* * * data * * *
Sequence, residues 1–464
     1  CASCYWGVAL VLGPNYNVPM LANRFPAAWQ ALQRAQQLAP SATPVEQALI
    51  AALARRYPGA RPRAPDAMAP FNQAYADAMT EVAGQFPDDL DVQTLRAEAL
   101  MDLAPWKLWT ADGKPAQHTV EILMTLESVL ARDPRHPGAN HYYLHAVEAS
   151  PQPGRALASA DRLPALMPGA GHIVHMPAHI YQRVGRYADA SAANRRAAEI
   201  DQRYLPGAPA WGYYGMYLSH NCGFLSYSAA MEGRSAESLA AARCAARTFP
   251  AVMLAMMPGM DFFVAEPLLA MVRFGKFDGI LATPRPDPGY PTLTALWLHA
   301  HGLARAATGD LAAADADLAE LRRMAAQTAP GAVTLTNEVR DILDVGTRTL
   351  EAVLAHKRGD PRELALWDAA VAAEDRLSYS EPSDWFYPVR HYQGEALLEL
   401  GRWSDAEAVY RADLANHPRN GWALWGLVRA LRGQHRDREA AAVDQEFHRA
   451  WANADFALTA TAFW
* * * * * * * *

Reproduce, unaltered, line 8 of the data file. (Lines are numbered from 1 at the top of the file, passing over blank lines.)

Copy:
   301  HGLARAATGD LAAADADLAE LRRMAAQTAP GAVTLTNEVR DILDVGTRTL